• “In 1960, Fishtowners successfully routed from houses or apartments two Negro families, two Puerto Rican families, one dark-skinned Portugeuse family and a Cherokee Indian from North Carolina. In the fall of 1966, they joined in five days of rioting against a Negro family that moved into a near-by Kensington section.” … “Kensington is more a state of mind than a geographic entity; its boundaries shift as housing patterns shift.” (p. 86)
  • “There is probably no city in the known world,” wrote a visitor to Philadelphia in 1842, “where dislike amounting to hatred of the coloured population prevails more than in the city of brotherly love.” (p. 89)
  • In 1891 a businessman wrote in a pamphlet called Kensington: “A city within a city, nestling upon the bosom of the placid Delaware, filled to the brim with enterprise, dotted with factories so numerous that the rising smoke obscures the sky, the hum of industry is heard in every corner of its broad expanse. A happy and contended people, enjoying plenty in a land of plenty. Populated by brave men, fair women and a hardy generation of young blood that will take the reins when the fathers have passed away. All hail, Kensington! A credit to the continent, a crowning glory to the city.” (p. 93)
  • “Just when Kensington seemed to be going down for the count, World War II came along. Kensington revived. Its shipyard expanded enormously. Its factories were worked overtime. Its biggest and most famous firm, the Stetson Hat Company, employed almost five thousand men and women and maintained a hospital for them…. It seems clear now, though, that the seeds of Kensington’s destruction were sown in the war it supported so spiritedly. Military service widened the horizons of young Kensingtonians.” (p. 96)
  • Whitetowns need help but they won’t accept it. (p. 103)
  • “Indeed, funerals are important social events in Kensington and undertakers, along with taproom owners, are among its most affluent citizens. (p. 107)
  • “Kensington’s intolerance is so savage because its people are so insecure.” (110)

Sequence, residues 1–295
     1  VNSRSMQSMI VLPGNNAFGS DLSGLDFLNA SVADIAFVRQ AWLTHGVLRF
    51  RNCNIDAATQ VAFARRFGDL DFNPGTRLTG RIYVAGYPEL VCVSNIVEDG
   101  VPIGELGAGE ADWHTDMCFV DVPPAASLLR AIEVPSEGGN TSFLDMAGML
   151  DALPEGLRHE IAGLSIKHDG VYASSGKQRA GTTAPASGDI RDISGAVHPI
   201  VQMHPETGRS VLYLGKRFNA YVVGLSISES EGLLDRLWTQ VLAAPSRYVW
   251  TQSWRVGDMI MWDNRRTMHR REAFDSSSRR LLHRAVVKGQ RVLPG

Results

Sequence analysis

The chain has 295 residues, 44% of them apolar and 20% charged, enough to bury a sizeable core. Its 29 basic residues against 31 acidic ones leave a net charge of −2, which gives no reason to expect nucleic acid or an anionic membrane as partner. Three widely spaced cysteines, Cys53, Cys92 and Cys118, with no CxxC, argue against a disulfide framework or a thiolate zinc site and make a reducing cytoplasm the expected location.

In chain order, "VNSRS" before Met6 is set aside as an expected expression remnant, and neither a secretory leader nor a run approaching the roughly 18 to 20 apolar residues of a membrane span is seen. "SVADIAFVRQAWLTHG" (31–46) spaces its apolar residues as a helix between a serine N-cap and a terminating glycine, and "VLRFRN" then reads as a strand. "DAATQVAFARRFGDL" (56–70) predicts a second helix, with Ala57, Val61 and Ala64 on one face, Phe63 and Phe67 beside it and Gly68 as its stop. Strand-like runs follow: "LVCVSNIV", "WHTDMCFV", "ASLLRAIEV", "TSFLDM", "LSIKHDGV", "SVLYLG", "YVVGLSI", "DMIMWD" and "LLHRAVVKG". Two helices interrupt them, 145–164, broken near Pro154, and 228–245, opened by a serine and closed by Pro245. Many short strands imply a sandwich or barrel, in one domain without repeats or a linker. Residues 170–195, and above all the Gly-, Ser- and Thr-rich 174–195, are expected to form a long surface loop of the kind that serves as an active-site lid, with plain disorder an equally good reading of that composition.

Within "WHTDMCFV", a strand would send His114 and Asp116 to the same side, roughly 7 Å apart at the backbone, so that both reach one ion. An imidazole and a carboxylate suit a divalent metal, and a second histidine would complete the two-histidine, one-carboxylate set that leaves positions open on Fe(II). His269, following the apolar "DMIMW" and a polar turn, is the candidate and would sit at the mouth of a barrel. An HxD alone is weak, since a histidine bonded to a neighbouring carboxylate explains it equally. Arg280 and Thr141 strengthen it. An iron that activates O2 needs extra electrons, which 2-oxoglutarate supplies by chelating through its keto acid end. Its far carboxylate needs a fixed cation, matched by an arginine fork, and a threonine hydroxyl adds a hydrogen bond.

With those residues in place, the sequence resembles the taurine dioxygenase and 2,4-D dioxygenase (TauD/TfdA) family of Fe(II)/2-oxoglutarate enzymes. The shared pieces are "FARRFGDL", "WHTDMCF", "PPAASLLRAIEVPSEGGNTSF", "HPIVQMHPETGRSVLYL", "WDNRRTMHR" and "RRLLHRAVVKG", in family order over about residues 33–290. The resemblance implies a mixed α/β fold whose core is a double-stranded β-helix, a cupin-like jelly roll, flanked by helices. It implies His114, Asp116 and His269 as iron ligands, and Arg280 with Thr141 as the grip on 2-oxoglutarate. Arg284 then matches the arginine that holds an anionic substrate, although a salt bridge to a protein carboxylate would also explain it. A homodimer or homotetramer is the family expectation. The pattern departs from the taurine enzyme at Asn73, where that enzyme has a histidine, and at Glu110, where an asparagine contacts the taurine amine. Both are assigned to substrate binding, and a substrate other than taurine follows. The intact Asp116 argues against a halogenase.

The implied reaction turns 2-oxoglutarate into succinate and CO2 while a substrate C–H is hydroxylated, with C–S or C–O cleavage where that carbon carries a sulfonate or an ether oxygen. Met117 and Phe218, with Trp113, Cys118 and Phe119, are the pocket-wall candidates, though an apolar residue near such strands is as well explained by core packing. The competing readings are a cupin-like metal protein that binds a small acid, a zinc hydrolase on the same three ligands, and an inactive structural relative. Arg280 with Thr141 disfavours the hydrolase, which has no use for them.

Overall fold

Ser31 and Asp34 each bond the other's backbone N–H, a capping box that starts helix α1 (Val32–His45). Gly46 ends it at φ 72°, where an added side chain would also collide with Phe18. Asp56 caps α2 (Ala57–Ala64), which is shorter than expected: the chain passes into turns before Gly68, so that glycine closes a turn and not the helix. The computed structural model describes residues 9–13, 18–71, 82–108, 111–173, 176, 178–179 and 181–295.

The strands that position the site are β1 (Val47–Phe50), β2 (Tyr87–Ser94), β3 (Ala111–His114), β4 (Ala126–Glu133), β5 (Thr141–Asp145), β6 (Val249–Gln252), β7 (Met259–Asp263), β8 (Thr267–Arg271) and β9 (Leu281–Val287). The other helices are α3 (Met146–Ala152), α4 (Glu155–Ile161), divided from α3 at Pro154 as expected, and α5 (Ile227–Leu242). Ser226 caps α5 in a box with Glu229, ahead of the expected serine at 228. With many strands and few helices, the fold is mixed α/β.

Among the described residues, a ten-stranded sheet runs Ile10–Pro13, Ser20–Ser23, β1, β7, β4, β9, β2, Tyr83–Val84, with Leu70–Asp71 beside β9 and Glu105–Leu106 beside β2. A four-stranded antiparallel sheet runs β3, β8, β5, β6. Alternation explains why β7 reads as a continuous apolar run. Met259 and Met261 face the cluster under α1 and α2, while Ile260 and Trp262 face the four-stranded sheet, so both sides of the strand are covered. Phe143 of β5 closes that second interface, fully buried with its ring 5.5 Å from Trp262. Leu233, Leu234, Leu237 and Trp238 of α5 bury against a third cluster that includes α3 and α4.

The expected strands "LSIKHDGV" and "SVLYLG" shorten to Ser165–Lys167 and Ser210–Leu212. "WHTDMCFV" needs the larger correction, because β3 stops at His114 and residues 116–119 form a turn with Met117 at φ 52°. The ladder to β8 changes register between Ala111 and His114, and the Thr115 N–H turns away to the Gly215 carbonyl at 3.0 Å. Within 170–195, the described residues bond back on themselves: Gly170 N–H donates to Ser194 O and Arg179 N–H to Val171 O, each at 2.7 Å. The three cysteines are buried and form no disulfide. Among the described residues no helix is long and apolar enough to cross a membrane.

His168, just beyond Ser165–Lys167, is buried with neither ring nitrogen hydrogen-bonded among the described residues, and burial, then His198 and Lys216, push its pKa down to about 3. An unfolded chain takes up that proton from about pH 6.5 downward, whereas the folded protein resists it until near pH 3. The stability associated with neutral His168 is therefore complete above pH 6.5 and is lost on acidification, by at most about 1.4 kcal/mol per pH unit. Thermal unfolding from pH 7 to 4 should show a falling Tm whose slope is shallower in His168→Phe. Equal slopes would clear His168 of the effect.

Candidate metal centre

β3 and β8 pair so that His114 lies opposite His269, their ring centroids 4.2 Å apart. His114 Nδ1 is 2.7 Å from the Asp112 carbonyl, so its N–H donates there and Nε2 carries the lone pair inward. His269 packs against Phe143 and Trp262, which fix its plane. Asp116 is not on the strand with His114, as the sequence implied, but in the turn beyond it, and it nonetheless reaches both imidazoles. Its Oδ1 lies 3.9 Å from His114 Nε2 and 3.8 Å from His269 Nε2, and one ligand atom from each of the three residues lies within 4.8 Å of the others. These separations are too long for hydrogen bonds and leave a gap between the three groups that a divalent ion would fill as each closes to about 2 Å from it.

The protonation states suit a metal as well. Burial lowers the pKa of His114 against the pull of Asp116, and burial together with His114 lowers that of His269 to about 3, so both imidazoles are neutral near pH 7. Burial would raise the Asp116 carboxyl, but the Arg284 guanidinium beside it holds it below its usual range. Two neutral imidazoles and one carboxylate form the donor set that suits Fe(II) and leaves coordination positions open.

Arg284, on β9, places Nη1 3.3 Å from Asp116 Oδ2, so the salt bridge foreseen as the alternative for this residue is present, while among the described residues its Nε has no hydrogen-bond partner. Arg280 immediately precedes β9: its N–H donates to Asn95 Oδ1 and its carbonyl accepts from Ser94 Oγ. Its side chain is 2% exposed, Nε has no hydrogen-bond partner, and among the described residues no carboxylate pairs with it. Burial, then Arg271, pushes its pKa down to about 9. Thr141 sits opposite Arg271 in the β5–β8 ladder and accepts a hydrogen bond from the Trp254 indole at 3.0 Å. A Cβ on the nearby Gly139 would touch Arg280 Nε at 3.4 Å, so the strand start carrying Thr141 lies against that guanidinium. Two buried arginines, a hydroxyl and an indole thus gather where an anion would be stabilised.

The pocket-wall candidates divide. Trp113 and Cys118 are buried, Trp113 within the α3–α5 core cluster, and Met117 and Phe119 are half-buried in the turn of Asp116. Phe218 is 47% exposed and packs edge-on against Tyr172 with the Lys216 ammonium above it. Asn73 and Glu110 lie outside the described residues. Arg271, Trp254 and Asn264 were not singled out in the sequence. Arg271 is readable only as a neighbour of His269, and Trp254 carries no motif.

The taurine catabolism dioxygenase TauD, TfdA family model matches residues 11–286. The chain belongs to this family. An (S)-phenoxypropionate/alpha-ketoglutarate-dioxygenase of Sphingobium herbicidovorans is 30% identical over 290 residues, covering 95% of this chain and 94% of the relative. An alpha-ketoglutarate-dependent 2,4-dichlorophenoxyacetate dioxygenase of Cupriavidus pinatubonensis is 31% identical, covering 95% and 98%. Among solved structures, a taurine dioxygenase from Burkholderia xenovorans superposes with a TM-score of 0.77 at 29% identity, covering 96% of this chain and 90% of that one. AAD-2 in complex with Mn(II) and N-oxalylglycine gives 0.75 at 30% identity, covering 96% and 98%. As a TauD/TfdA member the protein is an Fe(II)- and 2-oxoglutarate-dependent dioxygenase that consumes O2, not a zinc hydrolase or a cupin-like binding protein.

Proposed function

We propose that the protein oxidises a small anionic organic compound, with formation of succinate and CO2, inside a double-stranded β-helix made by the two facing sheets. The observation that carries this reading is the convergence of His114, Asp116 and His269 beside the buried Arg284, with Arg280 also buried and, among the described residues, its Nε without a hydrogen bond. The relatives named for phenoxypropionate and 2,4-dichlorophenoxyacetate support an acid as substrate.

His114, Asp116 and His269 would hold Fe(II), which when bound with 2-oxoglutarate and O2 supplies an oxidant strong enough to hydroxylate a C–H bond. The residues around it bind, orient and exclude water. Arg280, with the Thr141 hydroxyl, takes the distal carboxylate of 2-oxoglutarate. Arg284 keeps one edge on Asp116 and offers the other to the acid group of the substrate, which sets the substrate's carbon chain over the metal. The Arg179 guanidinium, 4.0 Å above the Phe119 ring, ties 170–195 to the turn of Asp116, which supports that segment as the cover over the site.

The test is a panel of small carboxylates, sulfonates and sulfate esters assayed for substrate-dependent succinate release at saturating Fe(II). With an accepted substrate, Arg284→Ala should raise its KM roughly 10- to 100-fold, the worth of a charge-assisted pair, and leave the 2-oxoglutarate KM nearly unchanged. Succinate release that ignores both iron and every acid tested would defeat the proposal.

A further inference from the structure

• An educated Fishtown resident does nothing while his neighbors riot around a Negro family moving in. (112)
  • Philadelphia School Board of Education had refused standardized testing until 1967. (146)
  • For nearly 30 years until 1963, the school board was effectively run by its business manager, who had a tenth grade education.
  • Philadelphia public school standards were high into the 1930s. Students were held back if they failed until they reached 14, when they could be kicked out. In the 1930s, reforms raised the compulsory school age to 17, with some exceptions, and as the great Migration of Southern blacks hit Philadelphia, the system was inundated with kids behind in schooling. (166)
  • Central High School moved in 1939 from a ‘mid-city neighborhood’ turning black to move to a white neighborhood near LaSalle College (which is now a black area), and in the 1950s, Northeast High also moved to a white neighborhood, pressured by alumni. (168)
  • Paul Goodman has said: “any literate and well-intentioned grownup knows enough to teach a small child a lot.” Goodman and others were advocating for smaller, neighborhood schools focused on subjects — which sounds like the charter school movement of today. (183)
  • “There were 28,044 vacant buildings and 15,604 vacant lots in the city as of July 31, 1969. The number of vacant buildings had more than doubled in three years.” (185)
  • “Say what you will about the public schools, they have staying power. Year after year, they do their business, whatever it may be, for good or evil. The system was built to last.” (187)
  • The word ‘changing’ in Kensington meant getting blacker in 1968. Now, it means getting ‘whiter.’ (190)
  • A ‘Richard D. Hanusey’ was the city’s best school administrator, Binzen writes (192)
  • Troubled kids aren’t reached until they are too far gone. (207)
  • “E.E. Cummings said that before you can do without punctuation, you must learn to use it perfectly. The same goes for discipline.” (214)
  • By 1970, getting a big city school teacher appointment was no reason to celebrate. In 1940, it was. (217)
  • “They give back what they get. There are teachers who teach thirty years and retire. And there are teachers who teach one year thirty times and retire.” (220)
  • Poorer black and white parents are more similar in their wants for their children’s education: conservative and discipline. (225)